In various mental disorders, dysfunction of the prefrontal cortex contributes to cognitive deficits. Here we studied how the claustrum (CLA), a nucleus sharing reciprocal connections with the cortex, may participate in these cognitive impairments. We show that specific ensembles of CLA and of medial prefrontal cortex (mPFC) neurons are activated during a task requiring cognitive control such as attentional set-shifting, i.e. the ability to shift attention towards newly relevant stimulus-reward associations while disengaging from irrelevant ones. CLA neurons exert a direct excitatory input on mPFC pyramidal cells, and chemogenetic inhibition of CLA neurons suppresses the formation of specific mPFC assemblies during attentional set-shifting. Furthermore, impairing the recruitment of specific CLA assemblies through opto/chemogenetic manipulations prevents attentional set-shifting. In conclusion, we propose that the CLA controls the reorganization of mPFC ensembles to enable attentional set-shifting, emphasizing a potential role of the CLA-mPFC network in attentional dysfunctions.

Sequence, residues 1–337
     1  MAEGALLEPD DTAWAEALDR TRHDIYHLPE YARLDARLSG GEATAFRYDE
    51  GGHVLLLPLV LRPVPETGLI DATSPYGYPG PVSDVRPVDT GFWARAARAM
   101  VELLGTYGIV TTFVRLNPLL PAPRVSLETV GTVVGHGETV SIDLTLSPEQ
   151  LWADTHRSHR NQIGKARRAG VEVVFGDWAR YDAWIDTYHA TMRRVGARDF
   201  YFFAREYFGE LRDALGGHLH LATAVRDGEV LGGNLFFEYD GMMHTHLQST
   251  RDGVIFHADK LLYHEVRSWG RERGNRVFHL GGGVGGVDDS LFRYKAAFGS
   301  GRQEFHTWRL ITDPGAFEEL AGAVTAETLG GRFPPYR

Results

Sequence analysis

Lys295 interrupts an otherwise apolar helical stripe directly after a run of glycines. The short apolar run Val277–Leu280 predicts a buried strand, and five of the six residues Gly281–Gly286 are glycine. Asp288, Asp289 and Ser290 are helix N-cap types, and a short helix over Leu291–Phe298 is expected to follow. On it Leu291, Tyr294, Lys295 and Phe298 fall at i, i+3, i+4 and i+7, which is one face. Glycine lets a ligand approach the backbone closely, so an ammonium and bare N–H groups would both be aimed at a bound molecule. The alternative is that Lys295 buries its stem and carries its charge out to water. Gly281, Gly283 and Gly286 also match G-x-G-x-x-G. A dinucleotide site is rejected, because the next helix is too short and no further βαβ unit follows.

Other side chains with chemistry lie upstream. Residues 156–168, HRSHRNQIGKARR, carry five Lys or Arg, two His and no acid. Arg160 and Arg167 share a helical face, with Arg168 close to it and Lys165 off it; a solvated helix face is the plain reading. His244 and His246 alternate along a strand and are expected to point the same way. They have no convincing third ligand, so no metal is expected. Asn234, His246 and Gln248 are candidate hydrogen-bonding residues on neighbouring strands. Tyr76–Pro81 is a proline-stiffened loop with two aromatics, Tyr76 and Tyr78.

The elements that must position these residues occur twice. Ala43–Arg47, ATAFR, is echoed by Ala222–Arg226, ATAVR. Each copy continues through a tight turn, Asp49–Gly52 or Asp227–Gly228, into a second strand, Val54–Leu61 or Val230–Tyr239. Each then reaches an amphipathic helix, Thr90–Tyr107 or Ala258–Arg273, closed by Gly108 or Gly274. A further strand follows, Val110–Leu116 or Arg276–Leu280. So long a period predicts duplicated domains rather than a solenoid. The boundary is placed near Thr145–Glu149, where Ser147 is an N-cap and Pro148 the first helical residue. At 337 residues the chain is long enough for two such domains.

bioRxiv Subject Collection: Neuroscience